A Papa John's delivery driver who shot an armed robber in the face will not be fired, the pizza chain confirms. As NPR reports, the shooting occurred on Sunday night near Atlanta, Georgia. While delivering a pizza, the employee — whose name has not been released — walked into what is now believed to be a setup for a carjacking and heist. When she arrived at the delivery address, a man approached her car and pulled a gun out. He forced her out of the car and onto the ground.
Though Papa John's company policy states that employees are not allowed to bring guns to work, the delivery driver had a gun with her. The police report confirms that she had the gun in her pocket and was able to reach for it while down on the ground. She then pointed the gun at the man's face and shot him. Instead of eating what was probably a hot pizza, Donquaz Stevenson, ate a bullet. He survived and "was later found nearby with a gunshot wound to his face. After being taken to a nearby hospital he was charged with armed robbery.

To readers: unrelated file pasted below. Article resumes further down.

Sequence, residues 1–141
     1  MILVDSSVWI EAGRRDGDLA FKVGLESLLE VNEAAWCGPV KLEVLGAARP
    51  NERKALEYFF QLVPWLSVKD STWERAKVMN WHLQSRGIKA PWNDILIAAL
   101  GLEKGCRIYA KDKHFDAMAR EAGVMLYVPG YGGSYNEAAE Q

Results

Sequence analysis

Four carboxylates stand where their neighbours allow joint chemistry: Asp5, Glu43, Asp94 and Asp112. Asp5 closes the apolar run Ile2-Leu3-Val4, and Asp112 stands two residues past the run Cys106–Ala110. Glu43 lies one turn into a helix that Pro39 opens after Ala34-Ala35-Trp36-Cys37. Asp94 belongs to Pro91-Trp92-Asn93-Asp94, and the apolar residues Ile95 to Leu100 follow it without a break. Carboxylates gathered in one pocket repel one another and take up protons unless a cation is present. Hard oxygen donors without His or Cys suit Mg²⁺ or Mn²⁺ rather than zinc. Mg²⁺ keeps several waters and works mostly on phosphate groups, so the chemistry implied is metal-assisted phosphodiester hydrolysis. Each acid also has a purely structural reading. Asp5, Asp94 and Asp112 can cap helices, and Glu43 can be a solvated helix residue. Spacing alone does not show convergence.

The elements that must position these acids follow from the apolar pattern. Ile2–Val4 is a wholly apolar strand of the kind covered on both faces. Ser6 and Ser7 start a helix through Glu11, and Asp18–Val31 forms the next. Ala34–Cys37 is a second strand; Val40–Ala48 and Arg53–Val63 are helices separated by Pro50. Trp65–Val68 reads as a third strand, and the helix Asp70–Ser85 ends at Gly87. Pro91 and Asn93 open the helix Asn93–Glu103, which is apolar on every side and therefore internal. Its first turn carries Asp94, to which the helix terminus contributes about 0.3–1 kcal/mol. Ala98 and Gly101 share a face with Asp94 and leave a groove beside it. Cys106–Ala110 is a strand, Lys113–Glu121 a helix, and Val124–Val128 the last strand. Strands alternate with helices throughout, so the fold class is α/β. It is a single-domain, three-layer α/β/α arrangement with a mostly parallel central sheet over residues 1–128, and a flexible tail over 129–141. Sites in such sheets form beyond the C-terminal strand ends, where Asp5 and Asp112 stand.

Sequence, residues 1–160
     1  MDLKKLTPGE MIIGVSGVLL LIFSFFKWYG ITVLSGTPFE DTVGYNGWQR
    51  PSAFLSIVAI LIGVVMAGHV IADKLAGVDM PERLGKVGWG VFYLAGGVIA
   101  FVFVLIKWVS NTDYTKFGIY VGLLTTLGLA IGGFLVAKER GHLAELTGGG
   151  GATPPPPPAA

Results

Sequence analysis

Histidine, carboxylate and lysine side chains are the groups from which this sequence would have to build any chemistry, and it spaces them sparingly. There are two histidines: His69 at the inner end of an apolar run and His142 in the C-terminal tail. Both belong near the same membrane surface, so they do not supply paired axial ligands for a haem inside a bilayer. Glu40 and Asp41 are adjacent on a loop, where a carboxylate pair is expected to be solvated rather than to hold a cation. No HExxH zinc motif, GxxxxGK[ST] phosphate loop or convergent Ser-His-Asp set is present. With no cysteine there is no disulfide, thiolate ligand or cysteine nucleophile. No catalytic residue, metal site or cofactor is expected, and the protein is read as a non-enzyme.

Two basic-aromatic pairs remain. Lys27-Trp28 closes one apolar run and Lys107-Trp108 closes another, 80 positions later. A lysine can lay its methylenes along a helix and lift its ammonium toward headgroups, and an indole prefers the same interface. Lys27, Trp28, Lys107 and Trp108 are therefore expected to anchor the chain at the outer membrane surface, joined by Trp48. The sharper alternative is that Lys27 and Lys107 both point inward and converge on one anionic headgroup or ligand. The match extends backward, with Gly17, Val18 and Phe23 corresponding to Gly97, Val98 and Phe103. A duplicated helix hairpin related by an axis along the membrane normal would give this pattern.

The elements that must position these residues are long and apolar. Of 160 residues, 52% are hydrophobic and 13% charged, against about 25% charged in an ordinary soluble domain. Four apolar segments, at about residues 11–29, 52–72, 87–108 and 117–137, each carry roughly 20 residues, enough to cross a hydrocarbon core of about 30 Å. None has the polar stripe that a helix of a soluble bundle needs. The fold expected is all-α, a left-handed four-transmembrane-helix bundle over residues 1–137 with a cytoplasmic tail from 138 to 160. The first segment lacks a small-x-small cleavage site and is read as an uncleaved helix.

The Papa John's employee was understandably shaken after the event, and afraid she would lose her job. When news spread of the incident, fans showed their support for her and her job on Papa John's Facebook page.
One fan wrote:
"A delivery driver protects her life and your profit should be given a promotion and a raise not loose her job. If fired I will call for a boycott of your pizza from all my friends and family !"
Papa John's confirmed to NPR that the delivery driver would not be fired, but would instead be reassigned to a position inside a Papa John's location.
"The shooting that occurred during a Papa John's delivery in Atlanta recently is a tragic event. The safety of Papa John's employees is a top priority for our company. Company policy prohibits employees from utilizing firearms in the performance of their duties. We plan no changes to our current policy, which is designed to protect customers and employees. Upon investigation and considering the specific facts of the situation, we have reassigned the employee to work in the store and are offering her counseling to help her recuperate from the incident."
It is unclear if working inside a restaurant is any safer, however. Though restaurants are robbed all the time, employees have found creative ways to defend themselves. A sushi chef in Illinois used his knife to defend himself earlier this month, while in Pennsylvania an employee thwarted a robber with a roll of toilet paper late last year.